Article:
A North Carolina federal judge on Monday tossed a proposed class action by two immigrant detainees alleging that immigration judges in Charlotte failed to properly hold bond hearings, finding that the judges had no blanket policy of denying hearings.
The Ninth Circuit on Monday upheld a lower court’s order forcing the federal government to hold hearings for a class of undocumented minors arrested for alleged gang ties, finding that the government had infringed the teens’ due process rights by removing them from their sponsors and detaining them indefinitely without a hearing.
A Massachusetts federal judge has upheld the constitutionality of the phrase “so help me God” in the U.S. naturalization oath, striking down a challenge from a prominent atheist attorney who on Monday called the ruling the latest in a line of “shameful” judgments affirming government-sanctioned discrimination.
Individuals present in the United States with expired F-1 student visas and work authorizations who also have active bids for H-1B skilled worker visas on Monday lost their authorization to be employed in the U.S., immigration officials announced.
U.S. Citizenship and Immigration Services Director Francis Cissna said on Monday that his agency's proposal to weigh green card and visa applicants' use of certain public benefits as grounds for rejection is necessary to enforce long-standing laws on criteria for inadmissibility to the U.S.
With D.C. Circuit Judge Brett Kavanaugh’s fate as the ninth justice still hanging in the balance, the U.S. Supreme Court kicks off its new term Monday without a case of blockbuster proportions. But there are several bread-and-butter business issues filling out the docket.
The U.S. Department of Homeland Security had a statutory obligation to provide a Texas-based valve company with a hearing before an administrative law judge prior to issuing a final order that imposed a fine over alleged Form I-9 violations, the company contended Thursday in Texas federal court.
A California lawyer accused of cheating EB-5 immigrant investors out of millions has agreed to pay more than $2 million to settle claims that he illegally used the money to support his businesses and lifestyle, the U.S. Securities and Exchange Commission told a federal judge Thursday.
Seventeen states have doubled down on their claim that the Trump administration's decision to rescind the Deferred Action for Childhood Arrivals program ran afoul of the Constitution's equal protection clause, arguing before the Second Circuit that they had sufficiently supported their assertion that President Donald Trump's animus toward Latinos was a motivating factor.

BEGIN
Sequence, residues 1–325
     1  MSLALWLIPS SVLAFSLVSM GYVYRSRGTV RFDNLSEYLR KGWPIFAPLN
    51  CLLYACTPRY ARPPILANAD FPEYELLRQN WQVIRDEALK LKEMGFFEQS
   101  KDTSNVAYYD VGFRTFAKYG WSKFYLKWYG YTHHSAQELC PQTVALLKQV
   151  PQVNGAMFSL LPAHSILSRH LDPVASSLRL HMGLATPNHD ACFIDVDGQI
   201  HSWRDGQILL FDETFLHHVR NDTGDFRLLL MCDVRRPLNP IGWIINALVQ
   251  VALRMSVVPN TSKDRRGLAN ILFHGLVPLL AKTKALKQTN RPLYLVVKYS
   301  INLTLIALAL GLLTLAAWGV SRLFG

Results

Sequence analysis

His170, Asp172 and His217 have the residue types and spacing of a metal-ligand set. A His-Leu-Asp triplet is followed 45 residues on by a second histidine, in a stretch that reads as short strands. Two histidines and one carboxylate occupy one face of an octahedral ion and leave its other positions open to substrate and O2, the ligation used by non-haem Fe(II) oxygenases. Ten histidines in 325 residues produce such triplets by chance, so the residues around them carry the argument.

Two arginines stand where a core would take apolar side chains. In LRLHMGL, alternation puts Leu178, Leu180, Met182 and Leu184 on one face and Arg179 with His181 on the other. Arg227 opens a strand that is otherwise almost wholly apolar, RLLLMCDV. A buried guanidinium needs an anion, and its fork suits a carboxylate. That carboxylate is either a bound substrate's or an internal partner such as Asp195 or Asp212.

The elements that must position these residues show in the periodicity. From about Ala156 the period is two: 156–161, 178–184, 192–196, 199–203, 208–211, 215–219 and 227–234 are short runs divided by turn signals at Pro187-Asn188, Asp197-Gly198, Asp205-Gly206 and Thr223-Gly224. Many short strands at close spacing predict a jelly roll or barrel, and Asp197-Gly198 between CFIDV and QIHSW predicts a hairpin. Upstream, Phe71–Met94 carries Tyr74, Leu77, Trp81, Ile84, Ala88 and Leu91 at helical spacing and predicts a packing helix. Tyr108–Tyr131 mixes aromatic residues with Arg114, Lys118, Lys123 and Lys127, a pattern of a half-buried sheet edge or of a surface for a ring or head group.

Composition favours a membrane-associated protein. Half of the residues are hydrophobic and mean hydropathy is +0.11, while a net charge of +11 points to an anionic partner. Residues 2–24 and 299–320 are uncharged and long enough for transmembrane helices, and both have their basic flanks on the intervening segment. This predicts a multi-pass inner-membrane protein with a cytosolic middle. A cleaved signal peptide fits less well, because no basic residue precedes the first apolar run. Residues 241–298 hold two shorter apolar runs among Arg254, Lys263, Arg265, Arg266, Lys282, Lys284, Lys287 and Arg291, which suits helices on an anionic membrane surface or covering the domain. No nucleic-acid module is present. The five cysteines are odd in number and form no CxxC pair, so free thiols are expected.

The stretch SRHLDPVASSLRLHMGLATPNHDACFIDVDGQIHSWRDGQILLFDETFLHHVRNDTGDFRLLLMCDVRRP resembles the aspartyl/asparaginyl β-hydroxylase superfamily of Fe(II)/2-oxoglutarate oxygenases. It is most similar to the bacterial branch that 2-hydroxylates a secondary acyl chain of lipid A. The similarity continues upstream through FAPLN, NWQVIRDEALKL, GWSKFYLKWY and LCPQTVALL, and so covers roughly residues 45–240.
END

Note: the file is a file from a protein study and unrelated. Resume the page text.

A group of Chinese nationals Friday urged a Florida bankruptcy judge to allow claims they were fraudulently induced to invest through the EB-5 immigrant visa program in a now-bankrupt South Florida hotel project to move forward.
A California superior court on Thursday barred the state from enforcing a recently enacted law that limits local law enforcement’s cooperation with federal immigration authorities as it pertains to charter cities, ruling in favor of Huntington Beach in its suit challenging the law as unconstitutional.
U.S. Citizenship and Immigration Services may soon allow immigrants to waive application fees based on their household incomes, rather than whether they are eligible under state income guidelines, according to a filing published Friday in the Federal Register.
A Migration Policy Institute report published Thursday suggests alleviating the burdens on the backlogged asylum system by shifting responsibilities among the immigration agencies and creating new pipelines for adjudicating certain kinds of asylum cases.
A Florida federal judge on Thursday ruled that Berkley Assurance Co. has no duty to defend or indemnify au pair placement agency Expert Group International Inc. in a class action suit accusing it of conspiring with other agencies to set low pay rates, saying coverage is unavailable because Expert Group was aware of the underlying suit before obtaining its policy.
The Third Circuit has determined that a Mexican man who was apprehended on drug charges and has a long-standing removal order was entitled to a bond hearing after nearly two years in detention, because federal statutes require the proceeding after a person has been held for a prolonged period.
The U.S. Securities and Exchange Commission urged a California federal court to order a doctor, his office manager and their affiliated businesses to disgorge more than $15.5 million, after the pair agreed not to contest the SEC’s allegations that they misappropriated funds through an EB-5 visa scam.